Brooks Ravenna 4 Review
As more and more runners are re-thinking the type of running shoe that is right for them, the designers at Brooks are putting together models that blend the best of the two worlds. For the foodies out there, think of fusion style restaurants blending different styles of foods such as a cheese burger and beef and broccoli, but this is much less complicated, or so we think!
The Brooks Ravenna 4 is a mixture between a neutral and a stability running shoe, making it a light stability running shoe. So you might ask, who is this shoe really for? Well for starters, the re-introduction of minimalism has some runners who typically use a stability shoe re-evaluating what they need. The answer can be extreme with running barefoot, but the more sensible answer is to tone down how much structure you use. I recently was at a seminar where there was a number thrown out by a podiatrist saying that 80% of runners don’t need a structured running shoe. While I don’t have the numbers and don’t have the evidence to back it up, it is an interesting number to think about. That said, if you are running in a stability running shoe, switching to a light stability running shoe like the Brooks Ravenna 4 might be a reasonable option if you are looking to make a change.
Ever since the Brooks Ravenna has been introduced, I have heard only good things from runners. I often times hear this from other runners in the running groups I belong to and I also have had a chance to test out a few models of the Ravenna, including the Ravenna 4. In short, the Brooks Ravenna 4 doesn’t disappoint. I typically prefer a neutral to mild stability shoe and I was very happy the way the Brooks Ravenna 4 performed. I didn’t feel that I was running in a super stiff running shoe nor did I feel like the shoe was pushing me to supinate or pronate.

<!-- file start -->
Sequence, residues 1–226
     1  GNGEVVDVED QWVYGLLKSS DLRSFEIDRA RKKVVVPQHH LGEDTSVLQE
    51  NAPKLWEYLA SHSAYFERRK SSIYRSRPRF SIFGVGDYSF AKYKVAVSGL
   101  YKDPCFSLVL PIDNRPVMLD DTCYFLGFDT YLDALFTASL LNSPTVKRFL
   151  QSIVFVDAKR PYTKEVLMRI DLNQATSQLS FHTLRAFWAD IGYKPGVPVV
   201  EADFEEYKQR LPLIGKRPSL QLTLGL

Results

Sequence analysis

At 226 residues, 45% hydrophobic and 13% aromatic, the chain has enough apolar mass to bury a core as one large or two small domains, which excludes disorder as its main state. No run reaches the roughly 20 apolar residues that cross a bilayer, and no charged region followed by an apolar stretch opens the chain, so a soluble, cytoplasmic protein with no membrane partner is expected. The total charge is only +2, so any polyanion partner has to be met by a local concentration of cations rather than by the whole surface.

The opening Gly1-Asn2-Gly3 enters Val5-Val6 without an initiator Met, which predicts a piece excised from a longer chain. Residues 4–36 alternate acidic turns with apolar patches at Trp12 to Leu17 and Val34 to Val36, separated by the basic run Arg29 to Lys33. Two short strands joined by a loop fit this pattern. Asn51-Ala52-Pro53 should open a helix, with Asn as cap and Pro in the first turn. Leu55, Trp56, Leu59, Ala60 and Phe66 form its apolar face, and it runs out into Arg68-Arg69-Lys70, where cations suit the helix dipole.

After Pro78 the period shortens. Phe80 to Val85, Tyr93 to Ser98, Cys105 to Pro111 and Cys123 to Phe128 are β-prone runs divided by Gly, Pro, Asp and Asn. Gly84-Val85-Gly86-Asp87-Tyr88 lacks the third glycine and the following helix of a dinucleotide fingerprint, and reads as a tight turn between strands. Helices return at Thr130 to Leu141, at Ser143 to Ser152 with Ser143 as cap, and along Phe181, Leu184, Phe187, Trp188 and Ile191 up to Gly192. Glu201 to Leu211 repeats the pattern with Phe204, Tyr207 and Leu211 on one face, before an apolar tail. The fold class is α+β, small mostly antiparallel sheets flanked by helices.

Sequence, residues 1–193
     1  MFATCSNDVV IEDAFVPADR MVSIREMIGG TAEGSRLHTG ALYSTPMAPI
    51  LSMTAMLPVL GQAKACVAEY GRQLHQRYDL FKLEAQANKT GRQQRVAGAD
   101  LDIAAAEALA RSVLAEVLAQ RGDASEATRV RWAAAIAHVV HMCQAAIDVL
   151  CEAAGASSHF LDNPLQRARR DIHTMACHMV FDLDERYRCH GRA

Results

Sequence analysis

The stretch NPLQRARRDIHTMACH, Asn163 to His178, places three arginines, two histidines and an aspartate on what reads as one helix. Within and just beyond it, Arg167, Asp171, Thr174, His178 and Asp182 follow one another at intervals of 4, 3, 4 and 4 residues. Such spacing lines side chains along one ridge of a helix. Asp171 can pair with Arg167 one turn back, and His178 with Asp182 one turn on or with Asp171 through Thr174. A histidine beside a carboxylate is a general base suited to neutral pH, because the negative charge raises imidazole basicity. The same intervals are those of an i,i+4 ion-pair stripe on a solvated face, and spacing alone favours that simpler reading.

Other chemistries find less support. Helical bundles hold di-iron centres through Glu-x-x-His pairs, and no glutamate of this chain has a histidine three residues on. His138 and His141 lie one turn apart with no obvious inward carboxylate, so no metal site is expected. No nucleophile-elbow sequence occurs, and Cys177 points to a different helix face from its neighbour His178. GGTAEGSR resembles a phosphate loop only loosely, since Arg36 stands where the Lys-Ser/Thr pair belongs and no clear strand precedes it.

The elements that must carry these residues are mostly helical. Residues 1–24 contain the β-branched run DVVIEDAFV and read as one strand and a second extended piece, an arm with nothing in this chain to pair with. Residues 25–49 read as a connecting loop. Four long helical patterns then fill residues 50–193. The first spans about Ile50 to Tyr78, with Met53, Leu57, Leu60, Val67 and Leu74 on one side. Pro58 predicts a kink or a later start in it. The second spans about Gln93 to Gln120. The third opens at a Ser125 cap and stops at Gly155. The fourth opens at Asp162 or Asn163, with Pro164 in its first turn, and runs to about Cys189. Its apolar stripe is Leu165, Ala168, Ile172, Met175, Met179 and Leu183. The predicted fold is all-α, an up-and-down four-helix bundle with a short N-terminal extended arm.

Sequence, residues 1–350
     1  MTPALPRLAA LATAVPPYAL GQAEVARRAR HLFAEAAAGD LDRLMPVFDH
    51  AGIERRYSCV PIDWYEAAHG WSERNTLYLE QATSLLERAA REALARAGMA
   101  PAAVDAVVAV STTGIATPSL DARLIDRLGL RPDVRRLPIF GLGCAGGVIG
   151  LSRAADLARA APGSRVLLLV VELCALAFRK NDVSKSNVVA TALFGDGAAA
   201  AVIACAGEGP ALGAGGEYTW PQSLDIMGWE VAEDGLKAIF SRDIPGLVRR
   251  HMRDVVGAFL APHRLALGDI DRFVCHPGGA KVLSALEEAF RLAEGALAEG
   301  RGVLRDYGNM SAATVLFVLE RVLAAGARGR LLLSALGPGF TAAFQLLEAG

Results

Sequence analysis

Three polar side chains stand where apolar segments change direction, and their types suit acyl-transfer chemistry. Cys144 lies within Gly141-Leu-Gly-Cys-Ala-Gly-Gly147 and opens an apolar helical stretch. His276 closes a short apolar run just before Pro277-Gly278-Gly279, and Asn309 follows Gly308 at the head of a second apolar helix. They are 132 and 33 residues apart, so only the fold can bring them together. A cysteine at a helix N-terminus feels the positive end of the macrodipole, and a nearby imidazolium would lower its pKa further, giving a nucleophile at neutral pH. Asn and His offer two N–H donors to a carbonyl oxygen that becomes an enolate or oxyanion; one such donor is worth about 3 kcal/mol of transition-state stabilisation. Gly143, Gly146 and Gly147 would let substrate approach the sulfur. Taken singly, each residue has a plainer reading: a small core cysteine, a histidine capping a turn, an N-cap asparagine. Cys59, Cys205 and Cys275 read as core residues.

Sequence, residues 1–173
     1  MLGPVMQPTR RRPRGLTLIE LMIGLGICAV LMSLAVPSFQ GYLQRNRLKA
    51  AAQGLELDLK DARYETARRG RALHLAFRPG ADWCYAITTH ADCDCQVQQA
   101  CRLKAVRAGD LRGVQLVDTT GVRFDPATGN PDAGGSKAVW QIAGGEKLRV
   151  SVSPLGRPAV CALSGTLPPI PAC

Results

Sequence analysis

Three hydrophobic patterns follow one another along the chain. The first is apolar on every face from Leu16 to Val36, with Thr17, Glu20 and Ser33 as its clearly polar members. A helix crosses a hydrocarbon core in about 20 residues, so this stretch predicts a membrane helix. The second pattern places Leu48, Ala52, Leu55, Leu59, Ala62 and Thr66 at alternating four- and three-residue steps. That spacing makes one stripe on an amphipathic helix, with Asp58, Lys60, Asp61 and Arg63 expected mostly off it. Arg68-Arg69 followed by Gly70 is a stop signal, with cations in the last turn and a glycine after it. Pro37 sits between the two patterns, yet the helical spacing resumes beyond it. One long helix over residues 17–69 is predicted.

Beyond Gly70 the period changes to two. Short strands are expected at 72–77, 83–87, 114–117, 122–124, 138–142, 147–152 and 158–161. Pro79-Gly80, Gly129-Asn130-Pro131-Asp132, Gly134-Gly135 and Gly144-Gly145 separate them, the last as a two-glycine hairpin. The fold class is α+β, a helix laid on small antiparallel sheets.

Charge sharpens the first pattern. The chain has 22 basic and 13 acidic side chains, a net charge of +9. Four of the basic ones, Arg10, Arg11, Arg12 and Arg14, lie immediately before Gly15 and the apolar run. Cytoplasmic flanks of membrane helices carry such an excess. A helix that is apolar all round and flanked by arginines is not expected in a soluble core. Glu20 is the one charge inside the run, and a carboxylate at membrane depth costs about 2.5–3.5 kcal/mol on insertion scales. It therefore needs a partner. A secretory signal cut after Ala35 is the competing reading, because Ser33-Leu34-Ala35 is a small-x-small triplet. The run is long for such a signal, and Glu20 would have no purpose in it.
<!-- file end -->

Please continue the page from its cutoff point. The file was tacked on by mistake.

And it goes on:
As for the details of the shoes, lets dig in!
The upper of the Brooks Ravenna 4 is comprised of mesh for breathability and a synthetic material for durability and structural integrity. To get a nice wrap around the foot, there is a piece of synthetic material which the laces go through and sits about half way down on the laces and wraps the foot a little tighter as you tighten up your laces. One problem that I have with shoes from time to time is that the tongue of the shoe slides to one side or the other. To help prevent that, Brooks added a lacing loop on the side near the top of the tongue. This helps keep the tongue in place and allows for a more consistent comfortable fit. On the inside of the upper, Brooks nailed it with just the right amount of padding around the collar of the ankle.
Midsole and Outsole
For the ride of the shoe, Brooks uses it’s cushioning gel like substance called DNA in the rear of the shoe and foam cushioning in the front of the shoe. The DNA provides a little more spring while the foam provides a plush ground contact with a smooth transition through the stride. For added stability to the shoe, the shoe has a denser foam near midfoot as well as a plastic plate for a small amount of added rigidity. Keep in mind, the support/stability is minimal. For the outsole, the Ravenna 4 has a good amount of rubber on the bottom of the shoe so you can log plenty of miles. To provide just the right amount of foot flex while going through your stride, the Ravenna 4’s outsole is designed to offer enough protection, but has plenty of grooves to allow the shoe to flex as your foot flexes.
My overall impression of the Brooks Ravenna 4 is that this shoe rocks for someone looking for a tad of stability, but still wants the more cushiony feel of a neutral running shoe. At a price of $110, this shoe is a great deal when compared to many of the other running shoes on the market sitting at $150. For more information, please visit BrooksRunning.com